Silver Book reference

2007 Alzheimer’s Disease Facts and Figures

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    • In 2002, community-living older individuals who used paid services used almost double the number of hours monthly (200 hours) compared to those who had no cognitive impairment (108 hours).  
    • By 2030, the number of people age 65 and older with Alzheimer’s disease is estimated to be about 7.7 million, which is more than a 50% increase over the number…  
    • Alzheimer’s disease drains more than $148 billion from the nation’s economy each year.  
    • Close to 1/3 of caregivers of people with Alzheimer’s and other dementias now exercise less than before they started caregiving, compared to 1/4 of other caregivers.  
    • Almost 1/4 of caregivers of people with Alzheimer’s and other dementias reported that caring for this individual was stressful, compared to 15% of other caregivers.  
    • In 2003, close to 1 in 4 caregivers of people with Alzheimer’s disease and other dementias provided 40 hours a week or more of care. 71% provided this care for…  
    • For beneficiaries diagnosed with Alzheimer’s and other dementias, state and federal nursing home care is expected to increase from $21 billion in 2005 to $24 billion in 2010, and $27…  
    • Medicare spending on beneficiaries diagnosed with dementias is projected to increase from $91 billion in 2005 to $160 billion by 2010, and $189 billion by 2015.  
    • In 2025, when baby boomers with severe disabilities or diseases–such as Alzheimer’s disease–reach the median age for nursing home care admission, Medicaid costs just for nursing home care will increase…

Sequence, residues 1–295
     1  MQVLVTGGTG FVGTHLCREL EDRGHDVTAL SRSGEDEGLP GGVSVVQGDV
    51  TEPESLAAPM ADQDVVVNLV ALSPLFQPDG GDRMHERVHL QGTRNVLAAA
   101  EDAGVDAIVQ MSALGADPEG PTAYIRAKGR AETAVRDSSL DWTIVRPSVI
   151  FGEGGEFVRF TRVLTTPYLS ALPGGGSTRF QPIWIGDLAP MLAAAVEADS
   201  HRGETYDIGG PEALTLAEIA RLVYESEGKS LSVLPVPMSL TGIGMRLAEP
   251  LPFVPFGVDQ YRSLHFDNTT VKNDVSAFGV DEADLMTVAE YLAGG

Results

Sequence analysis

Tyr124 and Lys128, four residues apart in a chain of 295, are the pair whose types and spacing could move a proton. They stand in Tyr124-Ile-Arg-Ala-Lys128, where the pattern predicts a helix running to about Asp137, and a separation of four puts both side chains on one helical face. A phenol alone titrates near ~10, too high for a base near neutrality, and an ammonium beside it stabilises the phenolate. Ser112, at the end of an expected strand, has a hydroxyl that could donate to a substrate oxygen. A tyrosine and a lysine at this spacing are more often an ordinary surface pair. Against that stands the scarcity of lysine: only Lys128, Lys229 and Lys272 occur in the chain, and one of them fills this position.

• Baby boomers in the U.S. (2005)
      As of July 1, 2005, there were about 78.2 million baby boomers in the U.S. Starting in 2006, 330 of them will turn 60 every hour.  
    • In 2002, nearly 1/3 of community-living older individuals with cognitive impairment who received daily activity assistance used paid services, which were usually combined with unpaid assistance. 12% of those who…  
    • Among the elderly, hospitalization of a spouse for dementia correlated to an increase risk of death for the partner that was not hospitalized. Among men, 8.6% died within a year…  
    • “8% of working caregivers of people with Alzheimer’s and other dementia turned down a promotion (4% of other caregivers), and 7% lost job benefits (3% for other caregivers).”  
    • Of caregivers who work, 2/3 who cared for people with Alzheimer’s and other dementias reported that they missed work, compared to 57% of other caregivers.  
    • Over 40% of caregivers who care for people with Alzheimer’s or other dementias report high levels of stress.  
    • In 2003, 65% of Alzheimer caregivers performed personal care that was physically demanding. These tasks can be made difficult by the person with dementia, who may be unable to help…  
    • Unpaid caregivers of Americans with Alzheimer’s disease or another dementia provide the U.S. with an economic asset worth almost $83 billion in 2005.  
    • Almost 10 million (29%) of all caregivers of people age 60 and older are caring for a person with Alzheimer’s disease or another dementia.